He also said that whilst the use of systems such as automatic number plate recognition (ANPR) are valuable, if not used transparently, could impact the “whole psyche of the community”. Porter said that he felt it was “very dangerous” to walk into a “datafied society”, where everybody is a number and everybody can be “linked via ANPR to facial recognition, to another thing”.

Meanwhile, in a similar vein, chair of the US Federal Trade Commission, Edith Ramirez, warned attendees at the annual CES conference in Las Vegas this week that the internet-of-things and smart technologies could create a “deeply personal and startlingly complete” picture of consumers and that this posed a threat to privacy. She warned that the collated data could create a false impression of a person if given to employers, universities or companies.

As an action point, she urged companies involved in the development of such technologies to make sure that they collect the minimum data needed to

edith ramirez
Edith Ramirez

fulfil their function. She said:

Will this information be used to paint a picture of you that you won't see but that others will?"

I question the notion that we must put sensitive consumer data at risk on the off-chance a company might someday discover a valuable use for the information.

My take

It has been said to me before that my generation – the 'millennials' – care less about what data is collected on them and how it is used, when compared to previous generations. And to some extent I believe that to be true, most likely because we can't really remember a time when we weren't handing over all sorts of information to all sorts of organisations.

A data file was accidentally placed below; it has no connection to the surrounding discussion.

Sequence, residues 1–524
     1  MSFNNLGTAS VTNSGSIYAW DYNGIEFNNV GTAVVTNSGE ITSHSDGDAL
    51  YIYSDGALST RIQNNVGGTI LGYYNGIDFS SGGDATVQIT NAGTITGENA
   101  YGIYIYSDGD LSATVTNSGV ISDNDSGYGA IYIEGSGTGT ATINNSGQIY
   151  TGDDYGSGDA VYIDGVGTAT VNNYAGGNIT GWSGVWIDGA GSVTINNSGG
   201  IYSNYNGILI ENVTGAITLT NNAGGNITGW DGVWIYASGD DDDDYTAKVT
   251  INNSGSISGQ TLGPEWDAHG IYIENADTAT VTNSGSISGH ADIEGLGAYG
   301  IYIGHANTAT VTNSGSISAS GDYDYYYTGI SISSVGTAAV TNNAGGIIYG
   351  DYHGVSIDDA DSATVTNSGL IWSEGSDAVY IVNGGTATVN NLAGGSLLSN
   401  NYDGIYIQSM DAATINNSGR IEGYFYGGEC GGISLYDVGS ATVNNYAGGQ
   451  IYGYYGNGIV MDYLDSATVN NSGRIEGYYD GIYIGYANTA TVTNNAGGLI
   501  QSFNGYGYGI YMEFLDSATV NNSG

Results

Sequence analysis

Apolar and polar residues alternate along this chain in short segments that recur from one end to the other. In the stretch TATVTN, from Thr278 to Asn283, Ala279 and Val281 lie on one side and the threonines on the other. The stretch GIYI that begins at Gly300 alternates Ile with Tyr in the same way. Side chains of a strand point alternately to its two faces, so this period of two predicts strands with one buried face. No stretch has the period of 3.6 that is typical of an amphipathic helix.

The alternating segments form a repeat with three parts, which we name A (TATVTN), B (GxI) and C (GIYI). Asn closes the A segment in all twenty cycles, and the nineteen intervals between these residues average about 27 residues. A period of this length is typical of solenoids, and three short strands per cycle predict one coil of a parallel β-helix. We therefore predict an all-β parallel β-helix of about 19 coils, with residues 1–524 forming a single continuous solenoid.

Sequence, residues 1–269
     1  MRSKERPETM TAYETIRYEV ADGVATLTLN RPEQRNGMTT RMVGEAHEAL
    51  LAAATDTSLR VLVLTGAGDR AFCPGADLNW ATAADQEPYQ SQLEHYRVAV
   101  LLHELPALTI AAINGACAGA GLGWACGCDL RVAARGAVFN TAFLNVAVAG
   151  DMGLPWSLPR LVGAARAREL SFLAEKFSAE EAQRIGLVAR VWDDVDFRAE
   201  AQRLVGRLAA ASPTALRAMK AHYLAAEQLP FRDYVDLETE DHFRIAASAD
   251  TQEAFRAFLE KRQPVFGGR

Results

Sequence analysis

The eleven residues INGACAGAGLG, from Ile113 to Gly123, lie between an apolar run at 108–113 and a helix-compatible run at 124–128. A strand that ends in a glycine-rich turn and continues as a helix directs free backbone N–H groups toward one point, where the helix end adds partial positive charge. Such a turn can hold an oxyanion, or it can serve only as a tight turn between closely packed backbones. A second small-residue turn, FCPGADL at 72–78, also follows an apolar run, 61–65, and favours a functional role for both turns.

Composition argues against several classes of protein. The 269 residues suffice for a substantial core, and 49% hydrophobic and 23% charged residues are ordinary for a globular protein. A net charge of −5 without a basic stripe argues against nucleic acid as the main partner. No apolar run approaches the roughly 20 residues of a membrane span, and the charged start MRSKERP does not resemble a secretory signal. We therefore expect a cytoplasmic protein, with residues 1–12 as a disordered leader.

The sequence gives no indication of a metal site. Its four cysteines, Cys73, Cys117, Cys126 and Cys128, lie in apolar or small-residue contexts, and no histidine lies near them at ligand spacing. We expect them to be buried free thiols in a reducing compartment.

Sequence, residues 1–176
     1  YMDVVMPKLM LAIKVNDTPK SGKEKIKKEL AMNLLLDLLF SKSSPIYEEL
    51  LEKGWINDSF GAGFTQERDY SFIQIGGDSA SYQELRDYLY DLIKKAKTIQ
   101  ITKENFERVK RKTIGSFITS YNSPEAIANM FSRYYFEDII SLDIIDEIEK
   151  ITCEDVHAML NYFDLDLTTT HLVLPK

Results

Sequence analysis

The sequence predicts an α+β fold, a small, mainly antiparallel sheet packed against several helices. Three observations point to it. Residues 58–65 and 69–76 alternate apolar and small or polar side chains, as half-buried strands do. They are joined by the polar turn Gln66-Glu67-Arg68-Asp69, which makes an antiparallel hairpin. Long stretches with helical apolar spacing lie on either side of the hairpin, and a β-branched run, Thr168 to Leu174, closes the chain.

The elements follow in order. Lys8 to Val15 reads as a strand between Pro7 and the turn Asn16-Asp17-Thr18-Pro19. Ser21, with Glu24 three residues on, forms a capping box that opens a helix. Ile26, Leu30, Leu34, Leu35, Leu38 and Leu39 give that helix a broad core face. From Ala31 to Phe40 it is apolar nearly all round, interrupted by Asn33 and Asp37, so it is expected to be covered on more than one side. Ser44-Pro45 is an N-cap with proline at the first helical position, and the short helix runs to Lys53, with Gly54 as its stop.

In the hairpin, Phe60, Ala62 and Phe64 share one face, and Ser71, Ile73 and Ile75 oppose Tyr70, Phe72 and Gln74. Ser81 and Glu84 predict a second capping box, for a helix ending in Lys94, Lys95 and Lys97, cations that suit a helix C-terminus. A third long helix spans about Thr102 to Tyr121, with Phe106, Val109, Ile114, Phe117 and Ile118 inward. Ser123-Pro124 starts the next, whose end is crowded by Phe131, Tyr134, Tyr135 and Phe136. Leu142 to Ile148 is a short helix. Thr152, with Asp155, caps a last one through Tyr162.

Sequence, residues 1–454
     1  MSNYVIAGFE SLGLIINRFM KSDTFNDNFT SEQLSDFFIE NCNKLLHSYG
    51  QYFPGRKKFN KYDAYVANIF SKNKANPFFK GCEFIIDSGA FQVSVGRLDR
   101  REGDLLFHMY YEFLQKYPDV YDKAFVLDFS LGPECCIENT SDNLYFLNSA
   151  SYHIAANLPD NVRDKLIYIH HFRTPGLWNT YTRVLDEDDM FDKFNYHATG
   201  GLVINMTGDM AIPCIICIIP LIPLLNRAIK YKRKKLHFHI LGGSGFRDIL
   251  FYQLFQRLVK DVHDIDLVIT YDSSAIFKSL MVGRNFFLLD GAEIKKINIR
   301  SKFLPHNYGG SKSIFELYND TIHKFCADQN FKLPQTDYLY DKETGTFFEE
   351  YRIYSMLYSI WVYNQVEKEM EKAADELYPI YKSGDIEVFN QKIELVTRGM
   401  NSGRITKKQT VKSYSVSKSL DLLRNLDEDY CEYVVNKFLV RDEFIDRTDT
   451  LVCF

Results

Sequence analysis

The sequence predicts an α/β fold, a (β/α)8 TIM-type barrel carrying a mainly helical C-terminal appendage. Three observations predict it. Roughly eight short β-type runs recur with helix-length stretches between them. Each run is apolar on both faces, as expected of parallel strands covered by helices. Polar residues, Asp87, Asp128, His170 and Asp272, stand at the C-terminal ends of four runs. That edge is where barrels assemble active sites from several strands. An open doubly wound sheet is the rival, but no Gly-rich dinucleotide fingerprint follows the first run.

However, we mustn't become complacent. There are risks. Namely that even if the collection of data is carried out with good intentions, this doesn't mean that it is safe from abuse. We have heard arguments about discrete databases that are seemingly anonymous and 'safe' being matched with other databases to create full pictures of citizens, which could be abused.

Transparency is key and an open discussion with the public should be prioritised – just because it's happening on the internet, doesn't mean that privacy can be thrown out the window.

M.I.T. Professor Gary Marx argues (as highlighted by professor Eric Roberts at Stanford in this document) that before implementing surveillance, we should evaluate the proposed methods by asking questions that include:

  • Does the technique cross a personal boundary without permission?
  • Are individuals aware that personal information is being collected?
  • Do individuals consent?
  • Was the decision to use a tactic arrived at through some public discussion and decision making process?
  • Is there human review of machine generated results?
  • Is the means widely available or restricted to only the most wealthy, powerful or technologically sophisticated?
  • Is it likely to create precedents that will lead to its application in undesirable ways?
  • Is there an appropriate balance between the importance of the goal and the cost of the means?
  • Is there a clear link between the information collected and the goal sought?
  • Is the personal data collected used for profit without permission from, or benefit to, the person who provided it?

Are these questions being addressed on a broad scale across all public and private sector organisations? I don't think so.